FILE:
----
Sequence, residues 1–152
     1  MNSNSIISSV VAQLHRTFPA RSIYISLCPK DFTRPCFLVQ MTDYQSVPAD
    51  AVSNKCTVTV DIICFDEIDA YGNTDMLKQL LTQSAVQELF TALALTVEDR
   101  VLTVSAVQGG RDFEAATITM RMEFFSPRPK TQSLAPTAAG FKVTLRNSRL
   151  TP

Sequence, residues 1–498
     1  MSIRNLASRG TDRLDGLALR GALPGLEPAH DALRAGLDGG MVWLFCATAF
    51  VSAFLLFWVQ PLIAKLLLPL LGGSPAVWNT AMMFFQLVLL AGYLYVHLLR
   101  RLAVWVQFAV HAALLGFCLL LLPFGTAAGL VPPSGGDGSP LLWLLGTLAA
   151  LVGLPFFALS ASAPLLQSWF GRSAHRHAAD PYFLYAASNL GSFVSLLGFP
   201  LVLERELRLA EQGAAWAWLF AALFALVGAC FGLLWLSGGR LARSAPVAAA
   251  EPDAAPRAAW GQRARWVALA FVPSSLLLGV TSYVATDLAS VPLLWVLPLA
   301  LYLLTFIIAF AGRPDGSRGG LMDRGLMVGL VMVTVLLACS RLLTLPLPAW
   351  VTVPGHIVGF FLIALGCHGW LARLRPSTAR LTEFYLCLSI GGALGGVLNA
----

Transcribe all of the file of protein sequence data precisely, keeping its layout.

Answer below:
Sequence, residues 1–152
     1  MNSNSIISSV VAQLHRTFPA RSIYISLCPK DFTRPCFLVQ MTDYQSVPAD
    51  AVSNKCTVTV DIICFDEIDA YGNTDMLKQL LTQSAVQELF TALALTVEDR
   101  VLTVSAVQGG RDFEAATITM RMEFFSPRPK TQSLAPTAAG FKVTLRNSRL
   151  TP

Sequence, residues 1–498
     1  MSIRNLASRG TDRLDGLALR GALPGLEPAH DALRAGLDGG MVWLFCATAF
    51  VSAFLLFWVQ PLIAKLLLPL LGGSPAVWNT AMMFFQLVLL AGYLYVHLLR
   101  RLAVWVQFAV HAALLGFCLL LLPFGTAAGL VPPSGGDGSP LLWLLGTLAA
   151  LVGLPFFALS ASAPLLQSWF GRSAHRHAAD PYFLYAASNL GSFVSLLGFP
   201  LVLERELRLA EQGAAWAWLF AALFALVGAC FGLLWLSGGR LARSAPVAAA
   251  EPDAAPRAAW GQRARWVALA FVPSSLLLGV TSYVATDLAS VPLLWVLPLA
   301  LYLLTFIIAF AGRPDGSRGG LMDRGLMVGL VMVTVLLACS RLLTLPLPAW
   351  VTVPGHIVGF FLIALGCHGW LARLRPSTAR LTEFYLCLSI GGALGGVLNA